March 19, 2014
Niche Culture: Indie Game - The Movie (2012)
One of my clearest holiday memories from my childhood was getting an original NES for Christmas in the late ‘80s. My parents had insisted that Nintendo wasn’t coming to our house. It was quite a smokescreen. After following clues around the house, I arrived in the basement to see that glorious system ready for play. My celebration was probably extremely dorky and ridiculous. My friends and I started with Super Mario Bros. and became obsessed with games like Castelvania, Metroid, The Legend of Zelda, and so many other classics. Breaking out the old system reminds me about its greatness. The games are still a blast to play, despite not having the complex worlds of recent titles. There’s something to be said for having a simple yet challenging task and being able to execute it to accomplish a goal.
This nostalgic feeling is present with the creations shown in Indie Game: The Movie. These guys come from my generation of gamers, and their programs have a throwback feeling to them. The online medium is much different, yet the experience of exploring those worlds seems very similar. The challenge for these inventive minds is to compete with gargantuan companies like EA. Their work may be original and exciting, yet the marketing machine is pushing them out of the fray. It takes serious dedication to find a way to stand out, and even that isn’t enough if the odds are stacked against you.
Watching guys struggling to develop a game doesn’t sound exciting, yet it’s quite a thrill. The reason is that Lisanne Pajot and James Swirsky have found such interesting figures. Tommy Refenes is a pale, skinny guy who looks like he barely steps out of his apartment. This is his first big project, and he’s determined to make it happen. His partner Edward McMillen has found success, but nothing has prepared him for the stressful run to complete Super Meat Boy. These are the outsiders from high school who stayed at home and played video games, yet they’re hardly awkward. McMillen is married and seems well-adjusted despite the stereotype. Refenes’ main goal is to pay off his parent’s debt on their house. These are likable guys that are easy to root for, so we’re on board to hope for success.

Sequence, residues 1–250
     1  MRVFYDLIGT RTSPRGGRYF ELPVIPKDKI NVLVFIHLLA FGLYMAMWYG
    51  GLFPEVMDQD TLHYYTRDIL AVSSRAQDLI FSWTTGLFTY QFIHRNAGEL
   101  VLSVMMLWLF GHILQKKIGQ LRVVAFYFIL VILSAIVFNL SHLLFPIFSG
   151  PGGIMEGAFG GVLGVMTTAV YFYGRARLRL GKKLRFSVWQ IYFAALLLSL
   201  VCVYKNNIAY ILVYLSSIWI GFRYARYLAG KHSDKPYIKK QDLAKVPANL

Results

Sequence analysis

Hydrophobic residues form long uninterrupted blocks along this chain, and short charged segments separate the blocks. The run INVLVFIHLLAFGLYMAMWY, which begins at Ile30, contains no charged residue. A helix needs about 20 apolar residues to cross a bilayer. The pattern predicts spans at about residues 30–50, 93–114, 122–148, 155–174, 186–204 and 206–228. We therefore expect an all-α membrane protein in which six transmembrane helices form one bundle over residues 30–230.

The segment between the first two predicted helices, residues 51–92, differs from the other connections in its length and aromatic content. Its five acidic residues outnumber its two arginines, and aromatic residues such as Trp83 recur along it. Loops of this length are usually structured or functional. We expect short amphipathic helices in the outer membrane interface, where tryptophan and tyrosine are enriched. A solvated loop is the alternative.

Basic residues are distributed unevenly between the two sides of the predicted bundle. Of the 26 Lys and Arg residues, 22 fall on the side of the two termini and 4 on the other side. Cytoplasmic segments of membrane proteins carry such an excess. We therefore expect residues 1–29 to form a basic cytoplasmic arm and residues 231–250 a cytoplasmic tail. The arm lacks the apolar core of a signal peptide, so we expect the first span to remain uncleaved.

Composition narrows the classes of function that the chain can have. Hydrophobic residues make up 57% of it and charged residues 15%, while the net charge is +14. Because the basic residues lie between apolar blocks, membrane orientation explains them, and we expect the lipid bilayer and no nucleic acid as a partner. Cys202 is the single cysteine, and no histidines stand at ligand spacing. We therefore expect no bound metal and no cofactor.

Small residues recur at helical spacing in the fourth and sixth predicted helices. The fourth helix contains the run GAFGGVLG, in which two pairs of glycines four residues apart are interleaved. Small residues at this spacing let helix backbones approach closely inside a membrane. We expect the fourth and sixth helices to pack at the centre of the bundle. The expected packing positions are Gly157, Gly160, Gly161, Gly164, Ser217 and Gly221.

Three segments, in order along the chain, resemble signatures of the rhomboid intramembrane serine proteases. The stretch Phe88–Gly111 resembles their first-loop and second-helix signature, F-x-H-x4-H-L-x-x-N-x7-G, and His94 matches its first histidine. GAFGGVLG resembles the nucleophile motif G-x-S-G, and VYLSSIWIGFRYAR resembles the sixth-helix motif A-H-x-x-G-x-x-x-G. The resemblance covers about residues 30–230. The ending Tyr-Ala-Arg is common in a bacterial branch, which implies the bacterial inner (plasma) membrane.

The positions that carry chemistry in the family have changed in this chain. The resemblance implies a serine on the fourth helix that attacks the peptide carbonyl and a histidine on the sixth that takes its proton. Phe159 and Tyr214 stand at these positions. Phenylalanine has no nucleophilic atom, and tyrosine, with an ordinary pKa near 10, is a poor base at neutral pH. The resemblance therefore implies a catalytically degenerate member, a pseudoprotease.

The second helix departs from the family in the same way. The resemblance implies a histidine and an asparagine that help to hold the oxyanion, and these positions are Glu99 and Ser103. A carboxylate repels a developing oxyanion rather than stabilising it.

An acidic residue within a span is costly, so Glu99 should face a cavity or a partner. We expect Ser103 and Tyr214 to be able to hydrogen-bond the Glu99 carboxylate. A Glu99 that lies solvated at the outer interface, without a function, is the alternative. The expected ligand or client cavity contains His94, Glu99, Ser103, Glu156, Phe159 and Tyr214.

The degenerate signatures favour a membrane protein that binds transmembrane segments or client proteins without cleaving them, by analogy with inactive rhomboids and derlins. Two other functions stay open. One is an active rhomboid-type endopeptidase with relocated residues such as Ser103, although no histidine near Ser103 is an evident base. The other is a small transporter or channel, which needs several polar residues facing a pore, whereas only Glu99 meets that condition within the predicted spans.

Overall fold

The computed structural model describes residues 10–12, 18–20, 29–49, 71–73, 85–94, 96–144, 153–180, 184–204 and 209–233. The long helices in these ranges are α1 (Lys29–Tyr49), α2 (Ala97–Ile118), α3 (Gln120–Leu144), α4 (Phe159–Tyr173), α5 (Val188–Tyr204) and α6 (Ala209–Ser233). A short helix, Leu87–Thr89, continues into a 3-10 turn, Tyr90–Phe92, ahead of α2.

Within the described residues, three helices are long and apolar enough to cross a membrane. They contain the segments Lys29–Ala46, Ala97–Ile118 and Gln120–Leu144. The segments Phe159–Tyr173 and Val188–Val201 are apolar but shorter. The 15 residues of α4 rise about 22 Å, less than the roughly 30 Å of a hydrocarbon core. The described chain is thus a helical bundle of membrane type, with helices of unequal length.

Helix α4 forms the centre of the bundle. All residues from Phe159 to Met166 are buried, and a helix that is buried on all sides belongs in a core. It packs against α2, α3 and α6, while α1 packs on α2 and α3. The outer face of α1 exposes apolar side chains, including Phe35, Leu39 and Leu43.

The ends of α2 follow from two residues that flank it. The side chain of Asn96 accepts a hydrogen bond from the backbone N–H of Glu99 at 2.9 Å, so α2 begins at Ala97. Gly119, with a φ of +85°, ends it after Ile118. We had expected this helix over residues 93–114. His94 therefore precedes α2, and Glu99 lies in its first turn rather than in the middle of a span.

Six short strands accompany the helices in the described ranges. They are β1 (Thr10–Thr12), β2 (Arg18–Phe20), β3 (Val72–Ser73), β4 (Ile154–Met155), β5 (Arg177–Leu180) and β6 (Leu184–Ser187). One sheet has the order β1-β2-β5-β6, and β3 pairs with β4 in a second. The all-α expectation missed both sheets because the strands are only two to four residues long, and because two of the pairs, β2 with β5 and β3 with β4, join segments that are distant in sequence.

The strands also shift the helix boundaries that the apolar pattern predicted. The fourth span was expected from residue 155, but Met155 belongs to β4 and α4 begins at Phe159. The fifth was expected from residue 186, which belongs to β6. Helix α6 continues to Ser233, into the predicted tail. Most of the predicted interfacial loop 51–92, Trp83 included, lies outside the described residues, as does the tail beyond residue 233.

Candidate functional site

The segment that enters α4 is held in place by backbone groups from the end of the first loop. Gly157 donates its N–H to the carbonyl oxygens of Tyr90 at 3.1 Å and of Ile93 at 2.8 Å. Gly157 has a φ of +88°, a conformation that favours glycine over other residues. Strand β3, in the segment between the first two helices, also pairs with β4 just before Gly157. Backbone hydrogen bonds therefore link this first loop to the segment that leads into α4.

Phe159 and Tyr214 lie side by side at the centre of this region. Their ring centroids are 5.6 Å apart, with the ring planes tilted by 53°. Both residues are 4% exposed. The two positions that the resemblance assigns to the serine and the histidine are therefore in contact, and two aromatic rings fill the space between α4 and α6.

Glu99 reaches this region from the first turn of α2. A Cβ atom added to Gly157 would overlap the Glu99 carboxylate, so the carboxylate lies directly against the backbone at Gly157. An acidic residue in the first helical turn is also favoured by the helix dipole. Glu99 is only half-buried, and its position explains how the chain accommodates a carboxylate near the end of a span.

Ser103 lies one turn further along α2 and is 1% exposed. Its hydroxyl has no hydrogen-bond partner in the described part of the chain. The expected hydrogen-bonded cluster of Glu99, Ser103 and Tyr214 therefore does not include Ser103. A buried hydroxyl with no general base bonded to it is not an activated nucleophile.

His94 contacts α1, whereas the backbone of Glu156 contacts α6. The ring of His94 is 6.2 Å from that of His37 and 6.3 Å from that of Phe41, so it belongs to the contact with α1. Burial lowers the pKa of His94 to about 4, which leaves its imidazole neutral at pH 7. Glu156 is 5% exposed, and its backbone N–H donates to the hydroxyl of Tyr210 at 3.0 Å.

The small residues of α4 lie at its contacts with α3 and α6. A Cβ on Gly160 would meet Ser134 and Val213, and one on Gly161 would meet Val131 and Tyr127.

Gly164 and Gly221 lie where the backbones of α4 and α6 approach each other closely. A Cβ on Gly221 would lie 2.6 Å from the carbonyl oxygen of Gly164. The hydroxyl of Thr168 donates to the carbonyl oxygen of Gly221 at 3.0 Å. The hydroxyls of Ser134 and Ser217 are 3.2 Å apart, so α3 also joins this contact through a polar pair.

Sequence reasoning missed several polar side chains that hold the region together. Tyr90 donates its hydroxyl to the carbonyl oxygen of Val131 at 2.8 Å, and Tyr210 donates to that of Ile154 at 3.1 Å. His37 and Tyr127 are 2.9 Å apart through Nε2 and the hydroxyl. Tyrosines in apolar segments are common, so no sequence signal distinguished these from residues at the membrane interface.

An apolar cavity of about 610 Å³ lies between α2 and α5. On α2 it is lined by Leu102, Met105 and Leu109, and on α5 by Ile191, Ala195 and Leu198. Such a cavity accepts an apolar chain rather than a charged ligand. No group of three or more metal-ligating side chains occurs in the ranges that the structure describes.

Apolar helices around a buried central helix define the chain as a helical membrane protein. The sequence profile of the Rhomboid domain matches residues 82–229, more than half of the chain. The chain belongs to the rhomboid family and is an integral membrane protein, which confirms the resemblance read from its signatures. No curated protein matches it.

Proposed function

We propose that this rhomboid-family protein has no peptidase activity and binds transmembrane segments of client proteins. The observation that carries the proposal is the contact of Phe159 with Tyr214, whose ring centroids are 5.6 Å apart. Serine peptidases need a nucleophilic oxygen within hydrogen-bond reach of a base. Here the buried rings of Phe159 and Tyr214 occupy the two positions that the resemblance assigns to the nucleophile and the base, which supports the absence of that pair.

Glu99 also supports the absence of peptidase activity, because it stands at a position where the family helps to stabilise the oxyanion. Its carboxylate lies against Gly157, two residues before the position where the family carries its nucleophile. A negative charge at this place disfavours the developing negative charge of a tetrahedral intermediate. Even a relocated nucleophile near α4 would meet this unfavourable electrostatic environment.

The other focus is Phil Fish, who earned several awards for his game Fez way back in 2008. Four years later, he was still struggling to complete it. His story shows the difficult side of being a loner in an industry dominated by large corporations. He battles on the legal side with a former business partner while trying to finish his much anticipated game. The question is whether he really can let it go. Fish keeps digging into the details, and each change introduces the possibility of new bugs to fix. He’s clearly unstable and talks of killing himself if the game isn’t released. He’s presented as a decent guy who just wants to finish his game, but there’s another side that probably makes him a difficult business partner.
The success of video games is off the charts; its blockbusters dwarf the movie industry. I’m not even sure that I realize just how large they’ve become with younger generations. This movie shows how the programmers who grew up with Atari and Nintendo have become game developers. They’re stretching the medium's boundaries while still longing for the excitement of the products that inspired them. The ambitious worlds are beyond what was possible a few years ago. And the technological advancements just keep coming. Despite their struggles, the fact that McMillen and Refenes can sell more than a million copies of their game reveals the stunning potential for this industry.
It’s surprising to note just how gripping Indie Game: The Movie becomes right to the end. My interest could stem from my gaming past, but I doubt that’s the only reason. Pajot and Swirsky are first-time filmmakers and don’t try to over reach and cover too many subjects. They briefly talk to Jonathan Blow, who created the breakout hit Braid in 2008. He clearly has plenty to say about the state of the industry, yet he comes off more pretentious than the other developers. His presence is interesting, but he spends just the right time on the screen. It’s those decisions that raise this movie above your standard documentary. I felt the heartbreak when Super Meat Boy’s release wasn’t appearing on Xbox Live. It takes a lot to engage me so thoroughly, and this inspiring film doesn’t miss a beat.
Next week, I’m switching gears and checking out the work of Johnnie To with Election.